A proud town
One of the earliest settlements in the Scottish Borders, Selkirk is one of Scotland’s oldest Royal Burghs. The town’s name means ‘the kirk in the forest’, and it hosted the first Borders abbey, in the 12th Century. At around the same time, Selkirk Castle stood nearby on the top of Peel Hill, serving as a Royal Scottish Court. Selkirk’s historic importance is underlined by its connections with both William Wallace being named as ‘Guardian of Scotland’ here and Sir Walter Scott, who served as sheriff for 33 years.
Set high above the Ettrick and Yarrow Valleys, Selkirk was granted its Royal Burgh status by King James V in 1535-6, in recognition of the role played at the Battle of Flodden by the men of Selkirk. The lands granted were extensive, and the men of Selkirk would constantly have to check them by riding the boundaries. Both Flodden and the boundaries still play vital roles in the world-famous Selkirk Common Riding, commemorating the riding of the marches, while the Casting of the Colours acts as a poignant reminder of 1513’s Battle of Flodden.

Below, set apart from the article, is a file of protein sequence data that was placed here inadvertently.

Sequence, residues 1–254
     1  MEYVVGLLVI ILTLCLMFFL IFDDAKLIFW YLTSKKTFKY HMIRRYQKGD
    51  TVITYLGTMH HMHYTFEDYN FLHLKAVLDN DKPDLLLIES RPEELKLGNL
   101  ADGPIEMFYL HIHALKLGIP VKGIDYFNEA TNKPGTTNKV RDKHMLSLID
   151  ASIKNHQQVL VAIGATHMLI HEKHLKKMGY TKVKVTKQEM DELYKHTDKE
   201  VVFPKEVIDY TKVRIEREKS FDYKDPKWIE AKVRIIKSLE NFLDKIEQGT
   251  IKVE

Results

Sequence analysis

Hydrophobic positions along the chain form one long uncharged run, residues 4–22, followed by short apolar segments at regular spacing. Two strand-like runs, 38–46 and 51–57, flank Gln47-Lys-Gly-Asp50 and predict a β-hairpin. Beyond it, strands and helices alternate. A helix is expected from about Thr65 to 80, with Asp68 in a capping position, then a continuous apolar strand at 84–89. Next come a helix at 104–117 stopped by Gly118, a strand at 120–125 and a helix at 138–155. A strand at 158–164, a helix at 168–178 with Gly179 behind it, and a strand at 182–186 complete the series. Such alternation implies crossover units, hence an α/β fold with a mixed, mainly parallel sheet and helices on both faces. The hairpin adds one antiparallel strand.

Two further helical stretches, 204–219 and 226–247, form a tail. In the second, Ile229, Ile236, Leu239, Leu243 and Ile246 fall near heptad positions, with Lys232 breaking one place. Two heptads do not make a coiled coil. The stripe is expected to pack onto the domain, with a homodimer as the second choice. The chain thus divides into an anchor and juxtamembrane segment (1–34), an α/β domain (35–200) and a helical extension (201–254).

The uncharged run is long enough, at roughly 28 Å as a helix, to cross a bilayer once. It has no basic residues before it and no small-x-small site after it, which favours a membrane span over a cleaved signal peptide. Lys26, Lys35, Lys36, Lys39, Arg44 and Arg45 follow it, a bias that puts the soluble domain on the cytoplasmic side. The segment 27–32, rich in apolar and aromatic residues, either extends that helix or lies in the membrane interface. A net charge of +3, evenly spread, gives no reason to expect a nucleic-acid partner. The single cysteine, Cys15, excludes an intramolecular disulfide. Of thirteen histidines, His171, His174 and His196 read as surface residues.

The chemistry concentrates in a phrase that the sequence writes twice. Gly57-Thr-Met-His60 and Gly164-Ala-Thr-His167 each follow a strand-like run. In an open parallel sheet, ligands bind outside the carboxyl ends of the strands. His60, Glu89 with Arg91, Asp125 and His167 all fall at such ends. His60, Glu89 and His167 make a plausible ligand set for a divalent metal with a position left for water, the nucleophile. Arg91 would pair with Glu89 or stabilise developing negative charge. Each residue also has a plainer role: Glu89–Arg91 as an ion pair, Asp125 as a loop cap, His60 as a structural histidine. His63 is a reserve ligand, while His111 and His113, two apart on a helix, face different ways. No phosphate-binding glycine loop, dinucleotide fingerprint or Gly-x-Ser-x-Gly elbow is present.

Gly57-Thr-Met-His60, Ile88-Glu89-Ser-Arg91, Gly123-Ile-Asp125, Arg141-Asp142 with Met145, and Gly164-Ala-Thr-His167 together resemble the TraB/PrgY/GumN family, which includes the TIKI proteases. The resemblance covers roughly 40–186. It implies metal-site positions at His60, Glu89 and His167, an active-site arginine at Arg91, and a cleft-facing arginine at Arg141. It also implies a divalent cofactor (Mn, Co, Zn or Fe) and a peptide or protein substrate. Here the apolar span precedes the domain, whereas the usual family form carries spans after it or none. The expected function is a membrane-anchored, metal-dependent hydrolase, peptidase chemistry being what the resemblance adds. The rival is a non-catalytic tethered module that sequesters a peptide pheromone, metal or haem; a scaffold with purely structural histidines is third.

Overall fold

Equally the town’s manufacturing traditions of tweed and shoemaking continue with both skills represented by current businesses, while a varied High Street contains a range of modern offerings and a host of leisure pursuits are catered for, including sport, historic walks, cafes and bookshops.